The illustrated sensor element 14 comprises a resistance temperature sensing device or RTD which provides an indication of temperature based upon the electrical resistance of a conductor (not shown) positioned within a housing 24 of the sensor element. Although the RTD-type sensor element 14 is shown for purposes of example in this disclosure, those skilled in the art will readily appreciate that the sensor element may be any type of temperature sensing device.
In this form of the invention, the temperature sensor element 14 is potted or sealed permanently in the distal end 16 of the sensor sheath 12. The sealing material 26 may be a suitable epoxy or any other suitable potting or sealing material. The sensor leads 22 extend through the potting and sealing material 26 and the length of the sheath 12 and are exposed out of the opening at the proximal end 18 of the sensor sheath. The drawings show three leads, which is the common number for RTD-type sensor elements. More or fewer leads may be required for other types of sensor elements. Also, the sensor element 14 need not be potted in the sheath 12 and may be simply inserted and held in position by crimping the sheath on the leads behind the sensor or by a suitable fitting (not shown).
As shown in all of the figures, the sensor sheath 12 includes a plurality of stress concentrating structures or means 30 spaced apart along the length of the sheath. Referring to FIG. 3, which shows a single stress concentrating structure 30 on an enlarged scale, each of the stress concentrating structures preferably comprises a groove 32 formed in the sheath material, leaving a relatively narrow or thin section of material 34 as compared with the adjacent sheath material. The relatively narrow section of material 34 is subjected to high stress when the sheath 12 is subjected to a bending moment. This high stress causes the material to fail and break at the thin section 34 after applying a bending moment back and forth several times. After the material breaks, the excess section of sheath may simply be removed and discarded, leaving the shortened sheath. The sheath 12 may be shortened to a desired length by choosing the particular groove or stress concentrating structure at or near the length desired for the particular application and then breaking the sheath at that point and discarding the excess sheath material.
As shown in FIG. 3, the groove 32 is preferably formed on the outside surface of the sheath 12. In other forms of the invention, the groove may be formed on the inside surface of the sheath. Each groove 32 may be cut by a suitable machining process into the sheath material, or may be formed as the sheath itself is formed. The preferred groove 32 has a V-shaped cross-sectional shape, although other groove profiles may be used to produce the desired thin section of material 34. For purposes of example, a stainless steel sheath 12 may have an outside diameter of approximately 0.25 inches and a wall thickness of approximately 0.030 inches. The groove depth may leave a wall thickness of approximately 0.020 inches at the point 34 where the groove leaves the thinnest sheath material. These dimensions in stainless steel leave the sheath 12 strong enough to withstand handling and use, but allow the sheath to be easily breakable at the stress concentrating structures 30 to adjust the length of the sheath to the desired length for a particular application.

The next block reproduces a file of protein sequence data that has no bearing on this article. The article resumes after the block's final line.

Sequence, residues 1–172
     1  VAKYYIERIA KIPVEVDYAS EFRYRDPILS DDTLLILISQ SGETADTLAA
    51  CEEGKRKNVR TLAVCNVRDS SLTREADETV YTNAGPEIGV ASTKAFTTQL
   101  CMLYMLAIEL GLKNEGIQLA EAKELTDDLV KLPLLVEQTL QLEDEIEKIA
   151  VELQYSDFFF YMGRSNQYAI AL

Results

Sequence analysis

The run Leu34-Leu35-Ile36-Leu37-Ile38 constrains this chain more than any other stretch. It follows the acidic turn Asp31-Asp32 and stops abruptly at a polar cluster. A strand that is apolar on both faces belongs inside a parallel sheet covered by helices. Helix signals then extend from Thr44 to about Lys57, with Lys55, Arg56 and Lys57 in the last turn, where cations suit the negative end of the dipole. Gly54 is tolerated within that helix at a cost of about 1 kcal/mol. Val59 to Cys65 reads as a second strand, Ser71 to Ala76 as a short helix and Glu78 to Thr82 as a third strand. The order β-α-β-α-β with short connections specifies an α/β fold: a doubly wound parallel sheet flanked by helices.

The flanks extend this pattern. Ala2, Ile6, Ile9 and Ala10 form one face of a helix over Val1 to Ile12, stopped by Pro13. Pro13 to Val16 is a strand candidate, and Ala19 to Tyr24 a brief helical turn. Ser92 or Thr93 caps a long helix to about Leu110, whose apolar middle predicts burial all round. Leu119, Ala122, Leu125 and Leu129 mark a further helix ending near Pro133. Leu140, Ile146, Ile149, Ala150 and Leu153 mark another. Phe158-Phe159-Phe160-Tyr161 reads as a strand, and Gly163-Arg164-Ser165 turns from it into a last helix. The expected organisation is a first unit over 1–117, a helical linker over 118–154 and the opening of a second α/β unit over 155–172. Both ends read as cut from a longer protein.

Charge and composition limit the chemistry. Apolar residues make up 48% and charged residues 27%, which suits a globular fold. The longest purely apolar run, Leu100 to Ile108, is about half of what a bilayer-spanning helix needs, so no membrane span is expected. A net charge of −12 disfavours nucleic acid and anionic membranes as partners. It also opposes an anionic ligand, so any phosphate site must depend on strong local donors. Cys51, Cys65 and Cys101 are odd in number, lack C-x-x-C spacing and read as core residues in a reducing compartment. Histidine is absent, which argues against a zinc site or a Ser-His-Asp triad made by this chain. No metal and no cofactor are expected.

FIG. 4 shows the sensor 10 according to the invention installed in a thermowell 40. The illustrated installation is made with a spring-loaded attachment 42 including a fitting 44, a spring 46, a washer 48, and retainer rings 50. A separate retainer ring 52 may be included at an outside end 54 of the fitting 44. Retainer ring 52 holds the fitting 44 on the sheath 12 prior to assembly into the thermowell 40. The fitting 44 includes a thread 56 which corresponds to a thread 58 formed on the thermowell 40. This spring-loaded attachment 42 has the advantage of allowing the spring 46 to continually force the temperature sensor 10 against the end of the thermowell 40 to produce good thermal contact between the thermowell and the end of the sensor containing the temperature sensing element 14.
To install the temperature sensor 10 of the invention with the spring load attachment 42, the sheath 12 is first broken to the desired length and the washer 48 and retainer rings 50 placed at the desired location near the proximal end 18 of the sheath. The spring 46 and then the fitting 44 are slipped over the proximal end 18 of the sheath 12, and the outside retaining ring 52 is placed over the proximal end 18 of the sheath 12 in a position abutting the outside end 54 of the fitting 44. The fitting 44 may then be threaded into the corresponding thread 58 of the thermowell to compress the spring 46 slightly.
This spring-loaded attachment is shown for purposes of example only. Any number of attachment methods may be used to attach a sensor according to the invention to a thermowell or other structure in which it is to be used. For example, a compression fitting may be used to connect the sensor to a thermowell or other structure. In some cases, a simple set screw may be used to retain a temperature sensor according to the invention in a desired position for use.
The above described preferred embodiments are intended to illustrate the principles of the invention, but not to limit the scope of the invention. Various other embodiments and modifications to these preferred embodiments may be made by those skilled in the art without departing from the scope of the following claims.
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|U.S. Classification||374/209, 136/230, 374/E01.011|
|May 3, 1995||AS||Assignment|
Owner name: WEED INSTRUMENT COMPANY, INC., TEXAS
Free format text: ASSIGNMENT OF ASSIGNORS INTEREST;ASSIGNOR:STARK, STEPHEN T.;REEL/FRAME:007504/0058
Effective date: 19950428
|Apr 5, 2001||FPAY||Fee payment|
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|Apr 7, 2005||FPAY||Fee payment|
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|Apr 13, 2009||REMI||Maintenance fee reminder mailed|
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|Apr 20, 2009||SULP||Surcharge for late payment|
Year of fee payment: 11